- Porked and Beans (2004) TV Episode (writer)
6. "The Joe Schmo Show" (9 episodes, 2003)
- Episode #1.9 (2003) TV Episode (writer)
- Episode #1.8 (2003) TV Episode (writer)
- Episode #1.7 (2003) TV Episode (writer)
- Episode #1.6 (2003) TV Episode (writer)
- Episode #1.5 (2003) TV Episode (writer)
7. "Mohr Sports" (2002) TV Series (writer)
1. "Fresh Baked Video Games" (2006) TV Series (co-executive producer) (unknown episodes)
2. "Master of Champions" (2006) TV Series (consulting producer) (unknown episodes)
3. "Invasion Iowa" (2005) TV Series (co-executive producer) (unknown episodes) (producer) (unknown episodes)
4. "Joe Schmo 2" (2004) TV Series (senior consulting producer) (unknown episodes)
5. "The Joe Schmo Show" (2003) TV Series (senior episode producer) (unknown episodes)
6. "The Surreal Life" (2003) TV Series (producer) (unknown episodes)
7. "The X Show" (1999) TV Series (producer) (unknown episodes)
8. "Prime Time Country" (1996) TV Series (show producer) (unknown episodes)
1. "Worst Case Scenarios" (2002) TV Series (story editor) (unknown episodes)
2. "Big Brother" (2000/II) TV Series (story editor) (unknown episodes, 2001)
... aka Big Brother 2 (USA: second season title)
... aka Big Brother 3 (USA: third season title)
... aka Big Brother 4: The X-Factor (USA: fourth season title)
... aka Big Brother 5: Project DNA - Do Not Assume (USA: fifth season title)
... aka Big Brother 6: Summer of Secrets (USA: sixth season title)
... aka Big Brother All-Stars (USA: seventh season title)
He was always a funny guy, so it's not surprising that he's found some success in Hollywood.
Unfortunately there' still only one post in the IMDB discussion area devoted to JHM. It was left by Rich Holt several years back:
Yeah, I knew this guy in college. Slept a lot. Often ordered largest drink possible.
He's currently working on the "Larry The Cable Guy's Christmas Special." The most surprising news to me was that he recently ran (or as he put, "hobbled") his first marathon. I've neither ran nor hobbled one, so I'm quite impressed!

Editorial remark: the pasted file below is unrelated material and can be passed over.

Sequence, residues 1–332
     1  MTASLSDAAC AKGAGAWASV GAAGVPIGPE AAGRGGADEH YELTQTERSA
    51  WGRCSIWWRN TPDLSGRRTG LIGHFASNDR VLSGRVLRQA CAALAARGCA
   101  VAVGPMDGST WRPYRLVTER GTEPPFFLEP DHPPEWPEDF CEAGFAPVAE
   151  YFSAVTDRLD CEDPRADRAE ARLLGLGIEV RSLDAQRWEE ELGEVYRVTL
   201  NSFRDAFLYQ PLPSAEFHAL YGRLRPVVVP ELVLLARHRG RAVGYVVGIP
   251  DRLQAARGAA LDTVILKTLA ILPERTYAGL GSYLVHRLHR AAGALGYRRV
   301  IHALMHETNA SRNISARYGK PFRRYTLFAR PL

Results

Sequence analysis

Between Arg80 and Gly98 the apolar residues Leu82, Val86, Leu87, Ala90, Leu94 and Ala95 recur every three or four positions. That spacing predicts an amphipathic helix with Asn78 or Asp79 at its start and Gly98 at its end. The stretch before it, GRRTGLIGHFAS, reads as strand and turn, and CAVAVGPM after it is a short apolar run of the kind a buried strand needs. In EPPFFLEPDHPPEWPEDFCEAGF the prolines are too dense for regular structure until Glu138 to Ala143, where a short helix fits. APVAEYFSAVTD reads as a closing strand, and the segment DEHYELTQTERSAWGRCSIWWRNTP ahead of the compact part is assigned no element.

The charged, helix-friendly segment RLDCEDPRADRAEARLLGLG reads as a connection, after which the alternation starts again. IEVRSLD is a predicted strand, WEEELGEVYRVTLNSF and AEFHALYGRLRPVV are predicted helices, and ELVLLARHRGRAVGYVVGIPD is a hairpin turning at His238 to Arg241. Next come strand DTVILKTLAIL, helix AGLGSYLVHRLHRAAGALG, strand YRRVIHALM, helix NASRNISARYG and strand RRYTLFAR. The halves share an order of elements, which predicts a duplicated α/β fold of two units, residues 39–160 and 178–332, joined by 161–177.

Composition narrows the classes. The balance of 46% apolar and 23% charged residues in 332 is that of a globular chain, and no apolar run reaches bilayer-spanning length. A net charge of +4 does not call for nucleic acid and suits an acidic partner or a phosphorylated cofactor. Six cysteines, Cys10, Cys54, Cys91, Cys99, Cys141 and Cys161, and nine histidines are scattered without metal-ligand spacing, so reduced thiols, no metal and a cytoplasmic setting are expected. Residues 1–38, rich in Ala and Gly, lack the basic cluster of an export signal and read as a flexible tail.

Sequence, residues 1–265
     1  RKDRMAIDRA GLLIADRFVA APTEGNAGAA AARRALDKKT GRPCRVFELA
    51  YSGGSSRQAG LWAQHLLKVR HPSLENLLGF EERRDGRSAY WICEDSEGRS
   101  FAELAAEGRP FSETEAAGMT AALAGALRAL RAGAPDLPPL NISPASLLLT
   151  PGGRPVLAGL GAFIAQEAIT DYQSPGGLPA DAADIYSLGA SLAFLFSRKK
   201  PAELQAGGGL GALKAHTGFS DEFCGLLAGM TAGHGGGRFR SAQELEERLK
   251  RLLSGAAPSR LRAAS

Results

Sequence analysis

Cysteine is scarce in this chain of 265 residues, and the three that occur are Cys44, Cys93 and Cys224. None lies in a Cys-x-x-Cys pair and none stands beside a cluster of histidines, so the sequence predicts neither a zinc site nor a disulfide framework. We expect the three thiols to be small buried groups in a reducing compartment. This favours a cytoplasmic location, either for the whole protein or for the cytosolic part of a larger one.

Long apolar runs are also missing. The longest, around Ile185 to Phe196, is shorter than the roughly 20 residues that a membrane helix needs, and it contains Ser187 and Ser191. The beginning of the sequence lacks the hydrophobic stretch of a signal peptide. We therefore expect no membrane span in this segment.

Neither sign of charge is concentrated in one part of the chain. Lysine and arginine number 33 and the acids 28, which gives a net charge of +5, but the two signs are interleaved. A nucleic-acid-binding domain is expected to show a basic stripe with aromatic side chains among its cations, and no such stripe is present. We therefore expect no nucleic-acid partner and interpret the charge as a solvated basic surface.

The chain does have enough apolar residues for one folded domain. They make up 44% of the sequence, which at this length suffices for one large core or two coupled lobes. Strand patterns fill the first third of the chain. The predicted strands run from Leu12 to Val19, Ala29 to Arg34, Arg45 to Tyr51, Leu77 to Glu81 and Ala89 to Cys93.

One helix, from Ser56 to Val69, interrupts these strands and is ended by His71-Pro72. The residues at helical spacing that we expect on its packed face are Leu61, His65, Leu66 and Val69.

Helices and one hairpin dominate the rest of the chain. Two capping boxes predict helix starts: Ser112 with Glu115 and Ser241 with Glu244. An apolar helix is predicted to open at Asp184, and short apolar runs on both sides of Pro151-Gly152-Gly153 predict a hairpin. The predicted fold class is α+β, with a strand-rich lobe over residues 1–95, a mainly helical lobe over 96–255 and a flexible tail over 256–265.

The other big news, apart from some significant globetrotting, was that he made a cameo on Entourage. As he describes it:
Check out the episode of Entourage when they go to the U2 show and check out yours truly on screen with the cast. You can Netflix it. Fun fact: I EPed a show for Spike that was a sketch comedy/animation/hodge podge about the videogame culture and Turtle was supposed to host but his "Entourage" contract prohibited him from doing other cable projects.
Like a forerunner of Will Traveler, I'm pretty sure Barley was able to avoid appearing in any photos during college because I can't think on any that he is in. I'll have to try to track some down when we visit Nashville in August in case he really gets famous.
I'm proud of Barley. He seems to have done well. He also sent me some photos from a recent Sonic Youth show he attended where they played "Daydream Nation" in its entirety in honor of its 20th anniversary. It was a Sonic Youth show in 1990 (in support of "Goo" instead of "Daydream Nation") that was the first of many concerts that James Lashlee and I attended together at Lipscomb. James is also the dude (along with Bill A.) who should have some photos of Barley if any of the ladies are interested.
1. While talking about how much he loves camping, Finn said "I especially love TORTURING my marshmallows." Probably came from when Elliot caught his marshmallow on fire and we said it looked like a torch.
2. While playing a "touch and feel" game that involves notable attractions from various cities (statue of liberty, San Fransico Bay Bridge, eiffel tower....) Finn reached in and grabbed a piece of the game and shouted "I found the Arc De Tree Stump". I guess thats what Arc de Triumphe sounds like in my best French accent.
3. Today at the Chippewa Nature Center we took a tour of the visitors center. There are many "stuffed" animals on display. Standing next to a deer I heard Finn telling his friend Wiiliam "Look at that deer. I think it was sacrificed". I guess all that old testament study in Sunday school is a bit confusing for a 4 year old.